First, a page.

Challenge Classic
Nick Rahimatulla (Alfa Romeo 2000 GTV 105 Series) and Andy van Kann (Toyota Levin) are tied in first more than two minutes ahead of their nearest rival Martin Eyer (Triumph TR8).

Leg 2 Start
82 Cars have started day two of QUIT Targa West. Today’s event takes crews north to Muchea then through the Chittering Valley to Toodyay.

There’s no stopping Kerry Wade’s co-driver, Alan Stean, he has rejoined the rally co-driving for David Moir as David’s co-driver, Vicki Moir, has taken ill.

Friday 5 September

City of Perth and Kalamunda Shire Excited!
City of Perth and the Shire of Kalamunda have praised the organisers of QUIT Targa West which got underway this morning with a fantastic display in the Murray St Mall.

After further increasing their support of the event in 2008, City of Perth look set to continue their association in 2009, with a council representative saying they can't wait for next year!

The lunch stop in the main street of Kalamunda also received high praise with representatives from the Kalamunda Council voicing their enthusiasm about the event.

One of the major tarmac rallies in Australia, QUIT Targa West is currently running through the Shire of Kalamunda and will continue through the Shires of Chittering and Toodyay over Saturday and Sunday.

City of Perth and the Shire of Kalamunda have praised the organisers of QUIT Targa West which got underway this morning with a fantastic display in the Murray St Mall. After further increasing their support of the event in 2008, City of Perth look set to continue their association in 2009, with a council representative saying they can't wait for next year! The lunch stop in the main street of Kalamunda also received high praise with representatives from the Kalamunda Council voicing their enthusiasm about the event. One of the major tarmac rallies in Australia, QUIT Targa West is currently running through the Shire of Kalamunda and will continue through the Shires of Chittering and Toodyay over Saturday and Sunday.


Weeks takes day one honours...

Kevin Weeks/Rebecca Crunkhorn have taken the Competition Modern honours on day one of QUIT Targa. Weeks, driving a Lamborghini Superleggera, completed the leg in 22:34.0 and holds a seven second lead over his closest rivals, Steven Jones/Rauri Souter-Dawson (Nissan Skyline GTR), who are a further two seconds ahead of Jim Richards/Barry Oliver (Porsche 91 GT2).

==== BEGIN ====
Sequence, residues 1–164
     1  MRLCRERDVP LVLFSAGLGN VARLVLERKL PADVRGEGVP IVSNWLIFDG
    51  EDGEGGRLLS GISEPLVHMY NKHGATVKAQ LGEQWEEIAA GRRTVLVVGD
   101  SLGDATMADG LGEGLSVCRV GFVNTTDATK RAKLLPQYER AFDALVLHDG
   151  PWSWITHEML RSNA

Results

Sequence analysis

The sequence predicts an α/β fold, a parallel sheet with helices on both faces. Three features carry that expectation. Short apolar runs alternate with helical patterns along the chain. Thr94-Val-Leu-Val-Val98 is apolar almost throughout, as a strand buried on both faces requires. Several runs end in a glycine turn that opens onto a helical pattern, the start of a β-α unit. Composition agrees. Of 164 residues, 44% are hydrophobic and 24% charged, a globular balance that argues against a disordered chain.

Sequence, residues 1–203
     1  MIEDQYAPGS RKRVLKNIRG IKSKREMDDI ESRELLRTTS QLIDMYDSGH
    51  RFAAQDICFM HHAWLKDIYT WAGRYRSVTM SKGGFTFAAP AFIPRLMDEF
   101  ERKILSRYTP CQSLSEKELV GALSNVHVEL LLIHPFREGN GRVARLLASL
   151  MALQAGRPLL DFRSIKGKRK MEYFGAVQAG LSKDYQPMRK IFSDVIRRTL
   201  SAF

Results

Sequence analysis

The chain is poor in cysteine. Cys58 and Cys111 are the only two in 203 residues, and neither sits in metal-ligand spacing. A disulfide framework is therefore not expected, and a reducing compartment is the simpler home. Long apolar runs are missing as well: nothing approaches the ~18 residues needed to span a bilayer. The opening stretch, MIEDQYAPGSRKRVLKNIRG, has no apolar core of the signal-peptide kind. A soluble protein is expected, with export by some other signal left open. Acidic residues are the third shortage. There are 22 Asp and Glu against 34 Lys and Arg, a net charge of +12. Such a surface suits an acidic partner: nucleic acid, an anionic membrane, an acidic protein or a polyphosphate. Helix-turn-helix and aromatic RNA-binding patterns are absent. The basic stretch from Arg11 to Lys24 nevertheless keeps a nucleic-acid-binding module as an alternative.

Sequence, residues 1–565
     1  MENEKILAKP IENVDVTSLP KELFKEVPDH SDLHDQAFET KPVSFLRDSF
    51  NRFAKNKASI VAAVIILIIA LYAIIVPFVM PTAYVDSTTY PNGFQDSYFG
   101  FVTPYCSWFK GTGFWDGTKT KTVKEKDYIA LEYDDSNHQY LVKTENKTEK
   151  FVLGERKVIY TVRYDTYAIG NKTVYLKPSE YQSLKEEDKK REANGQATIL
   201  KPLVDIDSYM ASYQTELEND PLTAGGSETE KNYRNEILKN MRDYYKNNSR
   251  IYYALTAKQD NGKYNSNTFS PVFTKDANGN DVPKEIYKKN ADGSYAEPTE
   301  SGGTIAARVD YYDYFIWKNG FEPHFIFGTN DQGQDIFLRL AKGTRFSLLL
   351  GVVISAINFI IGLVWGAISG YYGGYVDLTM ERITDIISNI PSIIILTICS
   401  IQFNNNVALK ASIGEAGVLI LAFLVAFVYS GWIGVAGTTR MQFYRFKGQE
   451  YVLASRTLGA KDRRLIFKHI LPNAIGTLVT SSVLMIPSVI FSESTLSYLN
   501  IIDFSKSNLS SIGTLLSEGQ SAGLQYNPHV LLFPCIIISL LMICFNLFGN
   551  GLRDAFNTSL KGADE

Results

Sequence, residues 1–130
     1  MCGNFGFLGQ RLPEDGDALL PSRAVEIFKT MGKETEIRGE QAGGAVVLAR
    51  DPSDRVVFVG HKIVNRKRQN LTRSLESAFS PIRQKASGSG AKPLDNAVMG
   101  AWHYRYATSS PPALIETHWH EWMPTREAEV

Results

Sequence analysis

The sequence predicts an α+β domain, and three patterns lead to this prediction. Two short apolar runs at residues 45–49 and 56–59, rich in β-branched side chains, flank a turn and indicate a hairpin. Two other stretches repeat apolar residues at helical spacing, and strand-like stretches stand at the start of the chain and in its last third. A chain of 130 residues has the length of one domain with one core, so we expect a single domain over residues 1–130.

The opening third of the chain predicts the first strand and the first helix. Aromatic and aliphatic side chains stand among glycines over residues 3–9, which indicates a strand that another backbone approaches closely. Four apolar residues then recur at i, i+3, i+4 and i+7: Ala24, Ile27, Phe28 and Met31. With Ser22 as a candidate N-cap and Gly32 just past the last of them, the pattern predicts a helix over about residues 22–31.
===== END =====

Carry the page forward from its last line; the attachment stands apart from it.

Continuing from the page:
Alister McRae, competing in his first QUIT Targa West, has a convincing 1:26.0 lead in the Competition Classic class in his Porsche 911 RS. McRae/Hayes posted an overall time of 23:25 which is only 51.0 seconds behind Kevin Weeks. David Moir/Vicki Moir (Datsun 240Z), Kim Stewart/Frank Zanotti (Ford Mustang GT350) and Hans de Corti/Mark de Corti (Porsche 911 Carrera RS) have a bit of work to do tomorrow if they want to put any pressure on McRae.

A close battle still ensues in the Challenge Modern class between Kym Illman/Antonia Spiers (Porsche 997 Turbo) and Bruce Hawley/Karl Howard (Nissan Skyline R34 GTR) with Illman edging out Hawley by 14.0 seconds at the end of competition today.

Andy van Kann/Brook Martinsen have jumped to a 53.0 second lead in the Challenge Classic class heading into day two of competition. Nick Rahimatulla (Alfa Romeo) had a disappointing last stage, dropping him to second and previous leader Colin Marsh (Ford Escort) missed the final stage of the day. The result for van Kann and Martinsen was one of the standout performances of the day given it was Martinsen’s first attempt at co-driving.

Andy van Kann, who auctioned off the co-drivers seat in his Toyota Levin for Camp Quality, will be joined by a new co-driver Jamie Marquet tomorrow. Both Martinsen and Marquet are involved with Camp Quality through family and personal experiences with cancer.


Results Update SS07 - Canning Mills
Competition Modern
Kevin Weeks has increased his lead over tarmac legend Jim Richards with the gap between his Lamborghini Superleggera and Richard's Porsche 911 GT2 now out to 10seconds. Klark Quinn (Mitsubishi Lancer Evo 9) sits in third position only one second in front of Tony Longhurst (Subaru Impreza WRX), both drivers are facing a close battle with youngster Steven Jones (Nissan Skyline GTR) a further 2seconds behind.

Competition Classic
Alister McRae (Porsche 911 RS) has a handy one minute leave over Burton (Porsche 928 S), Moir (Datsun 240Z) and Stewart (Ford Mustang GT350) who are jostling for seond place with only 5 seconds separating them.

Challenge Modern
Illman (Porsche 997), Hawley (Nissan Skyline) and Gunson (Ford F6 Typhoon) were neck and neck for the first three stages today, but a slow time for Gunson on SS04 has seen him trail behind the other two. At the end of SS07 Illman is holding out Hawley by a slim 5 seconds with Darrington sneaking up on them a further 21seconds behind.

Challenge Classic
Marsh (Ford Escort), Rahimatulla (Alfa Romeo) & van Kann (Toyota Levin) have been swapping positions throughout the day for honours in the Challenge Classic class. At the end of SS07 Marsh is leading the class with Rahimatulla 34seconds behind.


Emergency Crews tested on SS03 & SS06 - Zig Zag
There were two incidents on day one of QUIT Targa West. The incidents occurred on stages 3 & 6, the scenic Zig Zag Rd in Perth's hills, early in the rally. Experienced champion race driver Kerry Wade (Mitsubishi Lancer Evo 9) driving Ross Dunkerton's 2006 QTW winning car, had an incident at speed. Both Kerry and co-driver Alan Stean are reported to be ok owing to stringent safety regulations required by Confederation of Australian Motorsport to be installed in their vehicle.